GABV, a not-for-profit organisation representing a network of values-based banks from across the globe, argues there is a strong business case for the values-based banking movement.
Following the 2008 financial crisis, banks that put people before profit have gained recognition and are growing in strength and number, GABV states.
Whether called regenerative banking, ethical banking, values-based banking or sustainable banking – banking entities that are reassessing their role in supporting the delivery of social, economic and environmental impact.
GABV calls these institutions sustainability-focused banks.
‘This approach is more than corporate social responsibility [CSR] or charitable giving,’ comments Dr Marcos Eguiguren, executive director at GABV. ‘It is banks embracing a viable model that strategically takes a longer term view of profit and prosperity. For sustainability-focused banks, profit is a result of sustaining and growing the real economy and healthy communities, not an end goal.’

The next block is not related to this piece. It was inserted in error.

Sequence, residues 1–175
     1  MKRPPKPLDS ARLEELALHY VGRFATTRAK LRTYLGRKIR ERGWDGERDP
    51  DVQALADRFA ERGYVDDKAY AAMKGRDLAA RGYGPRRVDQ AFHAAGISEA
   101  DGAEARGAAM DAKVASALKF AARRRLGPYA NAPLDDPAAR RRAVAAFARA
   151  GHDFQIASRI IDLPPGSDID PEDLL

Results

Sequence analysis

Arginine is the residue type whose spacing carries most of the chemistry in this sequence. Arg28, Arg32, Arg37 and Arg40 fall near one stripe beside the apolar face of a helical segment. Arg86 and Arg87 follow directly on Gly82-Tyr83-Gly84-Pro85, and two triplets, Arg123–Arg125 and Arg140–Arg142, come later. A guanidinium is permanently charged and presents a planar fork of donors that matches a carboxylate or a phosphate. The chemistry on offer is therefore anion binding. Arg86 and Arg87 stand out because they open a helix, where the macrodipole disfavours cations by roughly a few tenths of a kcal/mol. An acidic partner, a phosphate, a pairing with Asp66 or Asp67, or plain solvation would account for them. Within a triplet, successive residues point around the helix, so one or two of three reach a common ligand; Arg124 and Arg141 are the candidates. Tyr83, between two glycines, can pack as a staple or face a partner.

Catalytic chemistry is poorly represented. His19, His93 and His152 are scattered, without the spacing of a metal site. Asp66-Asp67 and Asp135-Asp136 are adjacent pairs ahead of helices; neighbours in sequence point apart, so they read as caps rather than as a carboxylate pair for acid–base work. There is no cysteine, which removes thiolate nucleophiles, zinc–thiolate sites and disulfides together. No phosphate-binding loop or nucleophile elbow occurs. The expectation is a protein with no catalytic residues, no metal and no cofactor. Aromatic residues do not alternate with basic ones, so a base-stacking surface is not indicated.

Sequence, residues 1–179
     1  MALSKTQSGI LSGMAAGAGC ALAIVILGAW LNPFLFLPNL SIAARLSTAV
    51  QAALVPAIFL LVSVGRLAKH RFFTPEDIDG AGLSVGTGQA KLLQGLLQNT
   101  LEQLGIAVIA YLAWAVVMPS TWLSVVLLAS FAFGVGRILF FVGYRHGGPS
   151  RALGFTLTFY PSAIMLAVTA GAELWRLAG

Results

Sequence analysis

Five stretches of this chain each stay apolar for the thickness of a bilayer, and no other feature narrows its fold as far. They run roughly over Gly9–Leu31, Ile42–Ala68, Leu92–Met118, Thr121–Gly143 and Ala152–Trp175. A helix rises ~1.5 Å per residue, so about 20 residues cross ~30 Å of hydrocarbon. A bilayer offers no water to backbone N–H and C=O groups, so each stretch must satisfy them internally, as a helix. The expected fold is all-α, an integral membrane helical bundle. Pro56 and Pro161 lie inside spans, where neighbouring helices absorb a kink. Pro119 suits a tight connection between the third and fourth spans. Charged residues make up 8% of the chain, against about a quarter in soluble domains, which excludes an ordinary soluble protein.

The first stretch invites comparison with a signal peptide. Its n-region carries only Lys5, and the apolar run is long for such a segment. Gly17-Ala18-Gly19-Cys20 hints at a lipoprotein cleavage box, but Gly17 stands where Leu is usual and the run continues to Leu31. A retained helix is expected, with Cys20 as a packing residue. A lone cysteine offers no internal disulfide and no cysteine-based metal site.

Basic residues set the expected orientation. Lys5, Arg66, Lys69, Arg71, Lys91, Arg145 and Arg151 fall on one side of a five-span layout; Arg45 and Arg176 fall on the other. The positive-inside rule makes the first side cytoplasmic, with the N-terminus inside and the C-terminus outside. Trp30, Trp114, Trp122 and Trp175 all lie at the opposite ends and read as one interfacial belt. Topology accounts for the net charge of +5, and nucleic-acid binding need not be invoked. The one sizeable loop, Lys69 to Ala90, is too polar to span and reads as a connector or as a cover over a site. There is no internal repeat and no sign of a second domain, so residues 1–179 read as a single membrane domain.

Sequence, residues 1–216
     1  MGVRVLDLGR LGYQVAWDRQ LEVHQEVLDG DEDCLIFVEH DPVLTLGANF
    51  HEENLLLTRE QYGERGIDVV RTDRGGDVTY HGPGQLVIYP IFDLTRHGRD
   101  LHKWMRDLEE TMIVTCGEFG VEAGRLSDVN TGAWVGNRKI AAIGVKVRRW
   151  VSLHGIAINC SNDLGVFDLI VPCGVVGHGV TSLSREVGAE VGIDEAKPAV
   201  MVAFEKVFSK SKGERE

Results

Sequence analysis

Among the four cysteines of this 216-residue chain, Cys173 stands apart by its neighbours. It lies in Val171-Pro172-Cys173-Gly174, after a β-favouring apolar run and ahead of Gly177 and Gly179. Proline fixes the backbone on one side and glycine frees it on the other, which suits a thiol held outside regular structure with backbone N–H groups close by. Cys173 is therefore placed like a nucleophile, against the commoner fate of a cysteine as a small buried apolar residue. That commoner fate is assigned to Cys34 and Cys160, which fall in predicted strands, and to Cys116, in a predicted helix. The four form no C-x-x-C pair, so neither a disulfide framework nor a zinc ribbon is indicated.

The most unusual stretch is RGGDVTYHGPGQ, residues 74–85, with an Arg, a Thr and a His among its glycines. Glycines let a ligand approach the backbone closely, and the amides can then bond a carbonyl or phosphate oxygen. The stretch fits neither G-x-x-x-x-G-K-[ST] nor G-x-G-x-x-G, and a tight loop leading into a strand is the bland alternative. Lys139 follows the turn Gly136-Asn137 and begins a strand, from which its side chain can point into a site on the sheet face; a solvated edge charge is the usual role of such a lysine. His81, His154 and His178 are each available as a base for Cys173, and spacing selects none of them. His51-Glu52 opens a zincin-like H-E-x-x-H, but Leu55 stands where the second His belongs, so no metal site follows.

GABV argues that in 2014 sustainability-focused banks demonstrated that serving the real economy delivers better financial returns than those shown by the largest banks in the world.
The success of their banking approach is verified by independent research, GABV states.
There is also increased evidence of the support for sustainability-focused banking from regulation in developing markets, for example in Peru and Nigeria.
So why aren’t all banks adopting this model? The reasons are many, GABV says, ranging from inertia and the power of the status quo, a lack of courage by banking executives/shareholders in changing course, to limited awareness of the data that reports like the one by GABV provide.
Click here to read the full report
What is GABV?
GABV was set up in 2009 and today comprises 27 financial institutions from across the globe. These include City First Bank of DC and Southern Bancorp in the US, Vancity in Canada, Ekobanken in Sweden, Banca Etica in Italy, Ecology Building Society in the UK, BRAC Bank in Bangladesh and Clean Energy Development Bank in Nepal.
Together, the GABV members serve 20 million customers and have around $100 billion of assets under management.